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AAA Music | 3 April 2020

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The Get Up Kids – There Are Rules

| On 28, Feb 2011

When The Get Up Kids announced their reunion in 2009 – after splitting in 2005 – no one took that much notice.  And, despite its new and relatively progressive direction, their new album ‘There Are Rules’ isn’t going to garner them much more attention. This is essentially because their brand of melodic emo has not aged well since the band invigorated the scene back in the mid 90s.

The five-piece from Kansas City are credited with reviving the emo scene, along with The Promise Ring and Braid, with their record ‘Something To Write Home About’ being considered one of the all time classic emo releases. Their music was a mixture of indie rock and punk with a strong sense of overriding pop – simple yet accessible. Upon entering the studio for this, their fifth album, The Get Up Kids faced a lose-lose situation. The pop heavy emo music they championed before their demise had become a global phenomenon, with bands like Fall Out Boy, Panic! At The Disco and My Chemical Romance taking the genre to new and more exciting places – they couldn’t just make another simple emo album, because it would be impossible to get noticed in the midst of an oversaturated scene. But if they branched out they risked losing the few fans that still hold the band close to their nostalgic hearts. Out of the two options, the second was the one they took, and the right one at that. But it doesn’t change the fact that this is fairly middle-of-the-road stuff.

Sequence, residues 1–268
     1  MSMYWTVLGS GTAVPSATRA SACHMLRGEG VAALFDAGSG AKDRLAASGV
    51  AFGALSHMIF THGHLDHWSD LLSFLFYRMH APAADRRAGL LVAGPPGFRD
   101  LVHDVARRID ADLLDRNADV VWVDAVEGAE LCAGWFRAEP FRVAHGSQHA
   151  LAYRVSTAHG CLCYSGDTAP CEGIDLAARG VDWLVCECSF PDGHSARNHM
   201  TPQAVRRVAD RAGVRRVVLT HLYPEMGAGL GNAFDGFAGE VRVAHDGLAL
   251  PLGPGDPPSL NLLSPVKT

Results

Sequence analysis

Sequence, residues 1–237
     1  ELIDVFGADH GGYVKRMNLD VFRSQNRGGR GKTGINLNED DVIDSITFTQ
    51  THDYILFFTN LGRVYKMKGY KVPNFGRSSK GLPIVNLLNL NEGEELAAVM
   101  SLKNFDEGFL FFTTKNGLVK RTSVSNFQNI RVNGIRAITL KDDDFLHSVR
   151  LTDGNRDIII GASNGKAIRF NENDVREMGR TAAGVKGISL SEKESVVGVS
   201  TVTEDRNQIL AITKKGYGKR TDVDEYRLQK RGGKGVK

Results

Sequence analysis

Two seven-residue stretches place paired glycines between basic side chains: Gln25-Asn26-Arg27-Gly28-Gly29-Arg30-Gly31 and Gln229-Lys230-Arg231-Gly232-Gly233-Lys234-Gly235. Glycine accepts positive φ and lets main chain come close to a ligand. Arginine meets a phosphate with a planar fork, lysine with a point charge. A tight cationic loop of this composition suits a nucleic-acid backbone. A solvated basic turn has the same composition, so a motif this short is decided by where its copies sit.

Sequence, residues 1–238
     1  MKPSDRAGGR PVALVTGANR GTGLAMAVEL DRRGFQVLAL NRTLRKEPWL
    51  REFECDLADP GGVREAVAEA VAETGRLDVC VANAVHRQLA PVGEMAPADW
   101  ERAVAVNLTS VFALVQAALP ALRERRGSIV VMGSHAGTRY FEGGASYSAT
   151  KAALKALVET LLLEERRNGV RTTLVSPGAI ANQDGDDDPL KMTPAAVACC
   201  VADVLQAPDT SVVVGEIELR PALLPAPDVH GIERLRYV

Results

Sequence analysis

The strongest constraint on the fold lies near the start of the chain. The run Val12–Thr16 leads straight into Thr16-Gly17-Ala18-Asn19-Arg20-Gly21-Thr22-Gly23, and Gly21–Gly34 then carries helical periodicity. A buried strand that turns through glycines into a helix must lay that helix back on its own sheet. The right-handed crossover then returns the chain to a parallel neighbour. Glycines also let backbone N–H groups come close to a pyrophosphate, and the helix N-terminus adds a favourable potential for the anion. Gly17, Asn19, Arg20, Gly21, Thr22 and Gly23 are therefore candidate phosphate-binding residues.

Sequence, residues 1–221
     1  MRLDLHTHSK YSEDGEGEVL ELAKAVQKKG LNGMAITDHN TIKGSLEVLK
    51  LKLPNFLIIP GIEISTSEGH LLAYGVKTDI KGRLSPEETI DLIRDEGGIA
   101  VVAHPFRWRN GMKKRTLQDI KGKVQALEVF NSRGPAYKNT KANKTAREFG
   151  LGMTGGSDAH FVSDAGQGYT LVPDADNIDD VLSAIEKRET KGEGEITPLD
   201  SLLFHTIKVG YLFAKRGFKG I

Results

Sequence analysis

‘There Are Rules’ sees the band remerge with a chunkier, more alt-rock sound, with layers of sonic distortion and a slight element of noise pop. Tracks like opener ‘Tithe’ and ‘Pararelevant’ sound confident and have some bite – the fuzzy guitars and aggressive tone sounding solid. But most of the album sounds a little flat and awkward. For starters, the infectious pop melodies of yesteryear are noticeably missing, and there just isn’t quite enough creative quality to keep a listener interested for a whole album’s worth of material. In places, the band dabble in synth pop – as on the song ‘Automatic’ – with uninspiring results, and ‘Rally ‘Round The Fool’ isn’t so much a brooding, slow burner as a boring, heartless slur. ‘Keith Case’ is one of the most memorable tunes on offer, mainly due to the track’s sense of urgency and the strong melody.

Although I applaud the band’s attempt to dissociate themselves once and for all from their emo tag, their new muscular sound winds up rather ineffectual. There are a handful of half decent tracks that make the album a worthy listen, but perhaps The Get Up Kids should’ve stuck to their original plan to release just an EP’s worth of songs, cutting out the fillers.

Author: Clive Rozario